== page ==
IN PICTURES: Why falcons need their own passports in Saudi Arabia

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In order to travel with your falcon from Saudi Arabia, a popular pet for many in the kingdom, the bird must hold a passport with certain specifications for precautionary measures.

In Saudi Arabia, 4,942 passports have been issued for falcons until 2017.

First of all, the falcon must be medically examined at the Prince Fahad bin Sultan Falcon Center which will provide one with all the required medical examinations and certificates to submit the passport application.

After conducting the tests, one can electronically submit a passport application at the Saudi Wildlife Authority. The application must include a copy of the applicant’s passport or driving license, a copy of the national ID card, a copy of the import license, medical certificates, ownership certificate and a photo of the falcon.

It takes less than a week to provide these documents and apply for a passport, and the falcon is then injected with a micro-chip implant to identify it at passports control and update its medical data.

The problem that falconers face most at crossing points is not allowing non-hybrid falcons, which are the most expensive, into Saudi Arabia.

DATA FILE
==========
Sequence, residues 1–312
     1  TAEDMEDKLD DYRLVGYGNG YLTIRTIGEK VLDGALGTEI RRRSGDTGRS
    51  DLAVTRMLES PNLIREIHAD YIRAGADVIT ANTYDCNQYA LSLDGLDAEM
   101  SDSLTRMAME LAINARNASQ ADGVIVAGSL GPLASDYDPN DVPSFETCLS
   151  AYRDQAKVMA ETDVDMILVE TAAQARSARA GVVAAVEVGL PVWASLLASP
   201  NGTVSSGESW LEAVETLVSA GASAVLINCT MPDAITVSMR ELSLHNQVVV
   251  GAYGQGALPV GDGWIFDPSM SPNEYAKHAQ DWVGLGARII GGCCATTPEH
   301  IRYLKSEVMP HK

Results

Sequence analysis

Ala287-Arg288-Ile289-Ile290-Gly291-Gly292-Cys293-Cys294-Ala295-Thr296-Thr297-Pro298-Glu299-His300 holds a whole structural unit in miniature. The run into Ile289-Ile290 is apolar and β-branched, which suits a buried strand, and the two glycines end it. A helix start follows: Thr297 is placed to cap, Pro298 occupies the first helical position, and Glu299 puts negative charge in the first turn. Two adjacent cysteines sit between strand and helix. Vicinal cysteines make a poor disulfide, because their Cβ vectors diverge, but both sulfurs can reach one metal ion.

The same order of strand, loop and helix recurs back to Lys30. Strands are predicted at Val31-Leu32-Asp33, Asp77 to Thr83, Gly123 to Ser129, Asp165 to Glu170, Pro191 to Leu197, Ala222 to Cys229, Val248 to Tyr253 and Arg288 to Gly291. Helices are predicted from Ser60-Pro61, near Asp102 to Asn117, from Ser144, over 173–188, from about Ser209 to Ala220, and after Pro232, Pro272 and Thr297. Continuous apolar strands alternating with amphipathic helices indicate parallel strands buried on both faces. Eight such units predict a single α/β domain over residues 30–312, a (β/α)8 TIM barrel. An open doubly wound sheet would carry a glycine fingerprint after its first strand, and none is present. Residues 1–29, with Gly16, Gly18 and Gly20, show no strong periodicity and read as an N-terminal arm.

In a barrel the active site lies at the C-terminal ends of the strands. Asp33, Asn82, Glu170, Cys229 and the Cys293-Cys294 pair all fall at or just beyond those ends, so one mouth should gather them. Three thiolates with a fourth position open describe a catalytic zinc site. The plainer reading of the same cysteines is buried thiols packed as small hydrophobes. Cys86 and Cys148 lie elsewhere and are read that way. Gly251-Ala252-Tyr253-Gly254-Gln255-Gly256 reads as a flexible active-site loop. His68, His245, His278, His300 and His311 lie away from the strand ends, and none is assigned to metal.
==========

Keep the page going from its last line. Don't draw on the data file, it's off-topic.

The procedure to import falcons and bring them into the kingdom is not easy as falcons carrying official passports can only enter the kingdom through specific airports.

The passport issued by the Saudi Wildlife Authority, which is the executive authority of the CITES treaty, is brown and is usually valid for three years. It includes a passport number, the name of the owner, the photo of the falcon and the falcon’s species and country of birth. It also includes the number of the ownership certificate, the number of the implanted micro-chip and the accreditation seal.

Last year, around 1,114 falcons worth more than 90 million Riyals, i.e. $24 million, were sold in Gulf Cooperation Council countries.